We present theoretical evidence for transient roll-cell convection induced in the vicinity of freshly prepared electrolyte/water interfaces. The mechanism relies on a hitherto unrecognized type of double-diffusive convection. Electrolyte diffusion down the strong concentration gradient at the interface produces local heating just below the interface as the electrolyte becomes more dilute. If the concentration gradient at the interface is sufficiently large, temperature gradients on the order of one Kelvin per centimeter can be induced by this mechanism. We assume the horizontal electrolyte/water interface is contained in a long prism with a square vertical cross section and that the electrolyte solution is denser than the supernatant water layer. Provided that the sidewalls of the prism are thermally conducting, convection commences at the junction of the interface (at half the height of the square section) and these walls. In each vertical semi-cross-section, two roll cells evolve at the interface and the lower cell rapidly gains intensity at the expense of the counter-rotating upper cell. After a short period of time the lower cell migrates diagonally downward to lie just beneath the interface and the associated region of local heating. Although the fluid velocities associated with this roll cell initially increase with time, they do not appear to be sufficiently strong to distort the vertical stratification of the electrolyte's concentration profile. In a cylindrical annulus standing on its circular base the dominant roll cell takes the form of a toroidal vortex resembling a Taylor vortex.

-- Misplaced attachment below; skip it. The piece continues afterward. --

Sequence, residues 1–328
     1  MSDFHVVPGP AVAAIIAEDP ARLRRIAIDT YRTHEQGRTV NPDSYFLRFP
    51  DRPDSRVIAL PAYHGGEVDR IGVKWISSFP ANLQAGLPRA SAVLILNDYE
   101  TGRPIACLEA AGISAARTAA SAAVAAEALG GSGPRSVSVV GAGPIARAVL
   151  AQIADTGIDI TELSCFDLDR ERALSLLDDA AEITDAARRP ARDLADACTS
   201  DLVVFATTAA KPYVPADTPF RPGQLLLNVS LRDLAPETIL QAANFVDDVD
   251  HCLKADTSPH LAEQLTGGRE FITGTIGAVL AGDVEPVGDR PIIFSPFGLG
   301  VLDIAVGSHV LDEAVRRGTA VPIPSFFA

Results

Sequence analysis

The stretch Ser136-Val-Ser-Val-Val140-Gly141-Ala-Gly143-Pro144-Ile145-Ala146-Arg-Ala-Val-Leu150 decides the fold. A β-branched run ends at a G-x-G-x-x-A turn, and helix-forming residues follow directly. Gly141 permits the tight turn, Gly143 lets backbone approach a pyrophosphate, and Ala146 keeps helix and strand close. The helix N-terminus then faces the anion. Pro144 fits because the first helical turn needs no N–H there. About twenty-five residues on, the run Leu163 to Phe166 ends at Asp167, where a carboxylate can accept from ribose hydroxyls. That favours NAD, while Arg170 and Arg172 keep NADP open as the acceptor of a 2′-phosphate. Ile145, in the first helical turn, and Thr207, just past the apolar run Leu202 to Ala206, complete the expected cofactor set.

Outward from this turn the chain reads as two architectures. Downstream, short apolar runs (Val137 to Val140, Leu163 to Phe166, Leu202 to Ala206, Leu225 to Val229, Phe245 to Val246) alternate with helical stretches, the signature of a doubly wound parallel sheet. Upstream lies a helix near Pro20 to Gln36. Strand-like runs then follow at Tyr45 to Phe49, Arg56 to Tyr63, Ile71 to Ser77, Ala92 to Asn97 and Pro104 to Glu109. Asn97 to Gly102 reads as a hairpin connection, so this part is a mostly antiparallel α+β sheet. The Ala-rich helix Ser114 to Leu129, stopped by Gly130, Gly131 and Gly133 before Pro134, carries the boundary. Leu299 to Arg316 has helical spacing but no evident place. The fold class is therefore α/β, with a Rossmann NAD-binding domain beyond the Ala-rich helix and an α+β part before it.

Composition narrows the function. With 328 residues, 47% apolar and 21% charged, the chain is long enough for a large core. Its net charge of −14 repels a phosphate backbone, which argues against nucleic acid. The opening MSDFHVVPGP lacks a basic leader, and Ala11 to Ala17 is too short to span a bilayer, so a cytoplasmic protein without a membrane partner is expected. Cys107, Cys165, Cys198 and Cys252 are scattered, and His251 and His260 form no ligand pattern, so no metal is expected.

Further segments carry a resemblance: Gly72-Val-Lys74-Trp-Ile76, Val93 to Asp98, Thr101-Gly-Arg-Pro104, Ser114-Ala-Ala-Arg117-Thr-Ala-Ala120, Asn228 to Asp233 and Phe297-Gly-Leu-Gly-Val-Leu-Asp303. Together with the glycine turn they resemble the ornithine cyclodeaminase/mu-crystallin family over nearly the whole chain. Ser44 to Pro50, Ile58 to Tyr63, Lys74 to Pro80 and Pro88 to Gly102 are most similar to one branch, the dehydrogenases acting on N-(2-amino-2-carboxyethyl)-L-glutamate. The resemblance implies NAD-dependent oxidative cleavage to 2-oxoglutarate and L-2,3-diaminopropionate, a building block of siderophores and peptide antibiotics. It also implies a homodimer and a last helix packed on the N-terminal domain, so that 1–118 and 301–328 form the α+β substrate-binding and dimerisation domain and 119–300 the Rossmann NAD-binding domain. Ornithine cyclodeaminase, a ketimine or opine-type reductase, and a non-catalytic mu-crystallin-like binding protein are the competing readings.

- Double- diffusive convection
- Electrolyte/water interfaces
- Interfacial thermal convection